Eight Trends that will impact CUS in 2016
I like to use my final blog of the year to look ahead to the trends that will most impact the industry next year. Here is my list of educated guesses.
Accounting for the next disaster. The Federal Accounting Standards Board is poised to finalize accounting standards that will directly impact how credit unions and banks account for potential loses. The proposal could have a bigger impact on credit unions than the Risk Based Capital rules, so get your accountant on speed dial.
Overdraft Overhaul. Are you ready to have your members opt in to all overdraft services? How about limits on the size and number of overdraft fees? What about new disclosures? All of these are possible when the CFPB formally looks to limit the use of overdraft services this year.
China Syndrome. World events have had more and more of an impact on the economic environment in which credit unions operate. My nominee for this year’s Greece is China. If the slowdown in the Chinese economy ends up being more sustained and severe than pundits currently suspect we could be looking at a recession in the U.S. and political instability in an increasingly nationalistic China for years to come. In a worst case scenario think Putin on steroids.
Political Fantasy. Donald Trump offers a blanket insult to everyone in America and his poll numbers skyrocket because of his level-headed even handedness. Not to be outdone, Senator Cruz insults the entire world. Jeb Bush performs surprisingly well in New Hampshire and gets enough momentum to stick around. Speculation rises that Republican Party elders hope that no one gets the delegates they need to secure the party’s nomination. In a brokered convention, Paul Ryan emerges as the consensus candidate and narrowly defeats Hilary after Trump and Ben Carson both run as independents. My point is, Silly Season is fast approaching. Don’t expect to see anything useful accomplished in Congress next year.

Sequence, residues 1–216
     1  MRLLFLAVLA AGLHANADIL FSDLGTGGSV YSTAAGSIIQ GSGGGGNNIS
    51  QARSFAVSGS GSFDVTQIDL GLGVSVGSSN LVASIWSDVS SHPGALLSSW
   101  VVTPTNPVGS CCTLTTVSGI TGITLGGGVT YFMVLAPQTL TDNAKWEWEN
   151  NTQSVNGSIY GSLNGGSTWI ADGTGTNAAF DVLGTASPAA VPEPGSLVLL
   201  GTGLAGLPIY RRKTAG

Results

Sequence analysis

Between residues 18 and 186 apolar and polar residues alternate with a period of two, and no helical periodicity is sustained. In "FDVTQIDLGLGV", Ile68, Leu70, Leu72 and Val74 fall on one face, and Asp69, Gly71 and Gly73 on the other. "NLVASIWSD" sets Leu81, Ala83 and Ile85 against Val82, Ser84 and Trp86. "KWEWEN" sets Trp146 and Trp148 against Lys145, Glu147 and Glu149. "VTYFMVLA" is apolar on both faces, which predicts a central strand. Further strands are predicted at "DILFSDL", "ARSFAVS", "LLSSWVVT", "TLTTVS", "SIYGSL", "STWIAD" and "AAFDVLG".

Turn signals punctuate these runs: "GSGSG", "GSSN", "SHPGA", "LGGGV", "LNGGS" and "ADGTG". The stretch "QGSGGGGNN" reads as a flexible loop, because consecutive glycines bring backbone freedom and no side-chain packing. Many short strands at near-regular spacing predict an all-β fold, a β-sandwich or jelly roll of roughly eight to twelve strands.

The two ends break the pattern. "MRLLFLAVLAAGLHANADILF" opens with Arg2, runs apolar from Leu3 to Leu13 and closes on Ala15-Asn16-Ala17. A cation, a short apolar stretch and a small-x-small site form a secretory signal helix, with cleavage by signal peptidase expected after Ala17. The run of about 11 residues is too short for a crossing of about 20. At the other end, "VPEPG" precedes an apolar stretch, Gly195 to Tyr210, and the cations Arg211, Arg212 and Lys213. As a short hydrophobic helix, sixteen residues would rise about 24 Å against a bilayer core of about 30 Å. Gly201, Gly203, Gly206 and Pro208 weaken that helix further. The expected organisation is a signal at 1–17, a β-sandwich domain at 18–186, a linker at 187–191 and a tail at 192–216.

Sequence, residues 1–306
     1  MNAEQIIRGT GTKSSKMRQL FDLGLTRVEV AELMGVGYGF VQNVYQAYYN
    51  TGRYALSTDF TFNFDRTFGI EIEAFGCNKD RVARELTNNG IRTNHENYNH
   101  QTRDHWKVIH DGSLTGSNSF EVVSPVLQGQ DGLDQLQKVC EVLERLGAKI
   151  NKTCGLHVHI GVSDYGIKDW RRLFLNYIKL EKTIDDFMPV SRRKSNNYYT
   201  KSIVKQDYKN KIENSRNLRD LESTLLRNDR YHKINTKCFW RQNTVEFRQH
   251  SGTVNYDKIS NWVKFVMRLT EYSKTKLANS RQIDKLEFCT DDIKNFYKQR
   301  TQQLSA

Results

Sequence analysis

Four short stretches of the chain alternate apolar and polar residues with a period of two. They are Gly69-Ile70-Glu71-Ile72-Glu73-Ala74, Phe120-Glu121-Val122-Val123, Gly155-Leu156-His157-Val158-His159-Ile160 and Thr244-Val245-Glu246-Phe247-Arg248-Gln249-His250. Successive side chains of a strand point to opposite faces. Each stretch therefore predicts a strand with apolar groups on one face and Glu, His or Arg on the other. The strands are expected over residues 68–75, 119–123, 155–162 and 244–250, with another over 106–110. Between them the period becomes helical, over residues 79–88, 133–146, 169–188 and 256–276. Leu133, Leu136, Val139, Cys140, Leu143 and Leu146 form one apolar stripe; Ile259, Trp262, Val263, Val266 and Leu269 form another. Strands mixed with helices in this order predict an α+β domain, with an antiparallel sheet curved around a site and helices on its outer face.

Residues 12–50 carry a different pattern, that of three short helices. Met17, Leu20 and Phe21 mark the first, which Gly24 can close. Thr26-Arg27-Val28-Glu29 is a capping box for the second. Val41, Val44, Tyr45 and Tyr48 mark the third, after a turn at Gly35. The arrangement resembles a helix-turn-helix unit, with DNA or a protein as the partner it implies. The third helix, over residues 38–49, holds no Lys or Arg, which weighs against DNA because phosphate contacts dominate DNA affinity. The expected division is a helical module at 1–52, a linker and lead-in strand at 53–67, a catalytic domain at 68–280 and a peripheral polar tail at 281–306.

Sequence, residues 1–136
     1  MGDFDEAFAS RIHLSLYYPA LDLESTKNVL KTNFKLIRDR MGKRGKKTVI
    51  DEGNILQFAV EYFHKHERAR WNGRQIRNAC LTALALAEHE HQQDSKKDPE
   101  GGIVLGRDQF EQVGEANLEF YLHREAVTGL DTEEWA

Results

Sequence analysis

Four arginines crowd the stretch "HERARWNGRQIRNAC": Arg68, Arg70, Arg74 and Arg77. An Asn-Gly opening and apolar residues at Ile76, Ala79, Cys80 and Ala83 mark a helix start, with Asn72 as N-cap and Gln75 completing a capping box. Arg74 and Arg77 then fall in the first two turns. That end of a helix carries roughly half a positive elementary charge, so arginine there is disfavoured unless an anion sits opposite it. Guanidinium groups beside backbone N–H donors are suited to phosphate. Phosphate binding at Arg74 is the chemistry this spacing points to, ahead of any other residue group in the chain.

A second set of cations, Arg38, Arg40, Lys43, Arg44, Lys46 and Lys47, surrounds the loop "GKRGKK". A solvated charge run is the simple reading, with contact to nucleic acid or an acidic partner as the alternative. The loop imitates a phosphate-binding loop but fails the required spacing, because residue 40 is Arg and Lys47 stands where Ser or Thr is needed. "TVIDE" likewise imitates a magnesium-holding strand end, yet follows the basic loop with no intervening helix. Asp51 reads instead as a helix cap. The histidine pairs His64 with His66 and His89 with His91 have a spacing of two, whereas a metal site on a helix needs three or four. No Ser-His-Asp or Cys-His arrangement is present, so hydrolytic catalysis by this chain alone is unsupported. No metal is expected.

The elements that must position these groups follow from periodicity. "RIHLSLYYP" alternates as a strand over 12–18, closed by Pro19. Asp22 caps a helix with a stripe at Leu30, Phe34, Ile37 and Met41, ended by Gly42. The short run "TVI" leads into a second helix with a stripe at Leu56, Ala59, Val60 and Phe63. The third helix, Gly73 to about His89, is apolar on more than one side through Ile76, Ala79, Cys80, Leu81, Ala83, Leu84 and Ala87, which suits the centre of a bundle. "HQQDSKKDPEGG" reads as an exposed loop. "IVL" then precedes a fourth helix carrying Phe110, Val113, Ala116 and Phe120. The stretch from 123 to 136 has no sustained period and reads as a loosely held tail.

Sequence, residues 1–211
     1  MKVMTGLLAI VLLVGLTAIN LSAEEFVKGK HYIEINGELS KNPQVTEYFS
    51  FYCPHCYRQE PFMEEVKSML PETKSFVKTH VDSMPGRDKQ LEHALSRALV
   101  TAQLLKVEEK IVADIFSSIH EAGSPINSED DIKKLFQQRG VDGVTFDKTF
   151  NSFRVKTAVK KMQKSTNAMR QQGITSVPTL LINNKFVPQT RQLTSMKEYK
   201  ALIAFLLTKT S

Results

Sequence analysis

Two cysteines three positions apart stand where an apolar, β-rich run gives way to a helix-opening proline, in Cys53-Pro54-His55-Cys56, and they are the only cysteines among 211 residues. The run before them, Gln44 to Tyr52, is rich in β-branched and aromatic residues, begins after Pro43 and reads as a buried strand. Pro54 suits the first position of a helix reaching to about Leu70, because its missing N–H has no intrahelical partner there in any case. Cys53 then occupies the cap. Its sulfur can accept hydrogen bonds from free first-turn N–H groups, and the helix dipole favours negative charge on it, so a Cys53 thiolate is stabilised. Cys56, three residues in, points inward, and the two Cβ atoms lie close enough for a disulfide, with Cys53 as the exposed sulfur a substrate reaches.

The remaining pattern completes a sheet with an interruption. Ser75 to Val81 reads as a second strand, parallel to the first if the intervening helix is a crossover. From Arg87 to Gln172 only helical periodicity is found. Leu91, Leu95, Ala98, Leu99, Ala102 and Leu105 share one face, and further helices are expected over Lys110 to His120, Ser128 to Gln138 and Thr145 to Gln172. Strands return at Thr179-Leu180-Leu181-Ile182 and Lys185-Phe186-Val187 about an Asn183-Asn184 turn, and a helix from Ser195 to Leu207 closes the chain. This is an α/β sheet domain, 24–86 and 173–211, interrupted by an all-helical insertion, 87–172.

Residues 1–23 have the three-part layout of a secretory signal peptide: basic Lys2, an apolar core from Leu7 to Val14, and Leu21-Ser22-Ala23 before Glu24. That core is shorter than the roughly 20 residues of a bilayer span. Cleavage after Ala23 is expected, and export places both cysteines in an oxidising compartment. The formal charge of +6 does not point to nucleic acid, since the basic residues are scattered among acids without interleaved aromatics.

Will the industry hang together or hang separately? With dual membership requirements being phased out, I certainly hope that whatever new structure emerges continues to emphasize the need for a coherent and unified voice on credit union issues. I would hate to see a circular fire squad emerge that would benefit no one but banking lobbyists.
The year of Guidance. With the overhaul of MBL regulations and further regulatory tutorials on interest rate risk on the horizon, we will start finding out just how much more flexibility credit unions have when complying with general mandates as opposed to black and white regulations.
FOM Reform. NCUA’s proposed FOM reforms are out for comment and, although they are a step in the right direction, my guess is that the industry will find that not enough can be done by amending regulations. Congress needs to act, but don’t hold your breath. In the meantime, state policy makers are where credit unions will have to turn if they want greater FOM flexibility.
Fewer but Larger Credit Unions. Are credit unions an endangered species? No, but expect their number to decline and the survivors to get even bigger. In 2014, the majority of credit unions lost members. In addition, at the end of October, CUNA Mutual reported that there were 6,264 CUs in operation, down 36 credit unions from one month earlier. Year-over-year, the number of credit unions declined by 316, more than the 254 lost in the 12 months ending in October 2014. There is no good reason to think that this trend won’t continue or even accelerate. (https://www.cunamutual.com/~/media/cunamutual/about-us/credit-union-trends/public/dec_2015_cu_trends_report_media_file.pdf)
On a happier note, thanks for reading, Happy Holidays and I will be back blogging next year. Now it’s off to Grandma’s house I go.